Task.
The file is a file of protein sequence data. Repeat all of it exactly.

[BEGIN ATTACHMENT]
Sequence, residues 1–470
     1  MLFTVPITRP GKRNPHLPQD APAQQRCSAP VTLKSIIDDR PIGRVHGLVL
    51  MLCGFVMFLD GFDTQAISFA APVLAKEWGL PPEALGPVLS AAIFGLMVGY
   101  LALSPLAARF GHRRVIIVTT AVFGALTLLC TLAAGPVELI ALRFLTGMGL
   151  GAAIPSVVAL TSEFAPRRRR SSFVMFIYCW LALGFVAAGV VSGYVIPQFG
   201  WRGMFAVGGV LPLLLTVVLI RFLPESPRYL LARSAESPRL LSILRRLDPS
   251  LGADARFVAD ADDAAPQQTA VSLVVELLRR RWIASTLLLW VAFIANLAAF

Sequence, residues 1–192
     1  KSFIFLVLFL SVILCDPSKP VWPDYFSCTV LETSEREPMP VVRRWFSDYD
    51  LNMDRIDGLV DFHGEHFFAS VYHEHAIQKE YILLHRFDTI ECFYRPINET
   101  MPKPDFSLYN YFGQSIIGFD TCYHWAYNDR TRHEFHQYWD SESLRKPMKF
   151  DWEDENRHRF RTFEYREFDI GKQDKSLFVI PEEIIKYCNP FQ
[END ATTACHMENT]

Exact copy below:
Sequence, residues 1–470
     1  MLFTVPITRP GKRNPHLPQD APAQQRCSAP VTLKSIIDDR PIGRVHGLVL
    51  MLCGFVMFLD GFDTQAISFA APVLAKEWGL PPEALGPVLS AAIFGLMVGY
   101  LALSPLAARF GHRRVIIVTT AVFGALTLLC TLAAGPVELI ALRFLTGMGL
   151  GAAIPSVVAL TSEFAPRRRR SSFVMFIYCW LALGFVAAGV VSGYVIPQFG
   201  WRGMFAVGGV LPLLLTVVLI RFLPESPRYL LARSAESPRL LSILRRLDPS
   251  LGADARFVAD ADDAAPQQTA VSLVVELLRR RWIASTLLLW VAFIANLAAF

Sequence, residues 1–192
     1  KSFIFLVLFL SVILCDPSKP VWPDYFSCTV LETSEREPMP VVRRWFSDYD
    51  LNMDRIDGLV DFHGEHFFAS VYHEHAIQKE YILLHRFDTI ECFYRPINET
   101  MPKPDFSLYN YFGQSIIGFD TCYHWAYNDR TRHEFHQYWD SESLRKPMKF
   151  DWEDENRHRF RTFEYREFDI GKQDKSLFVI PEEIIKYCNP FQ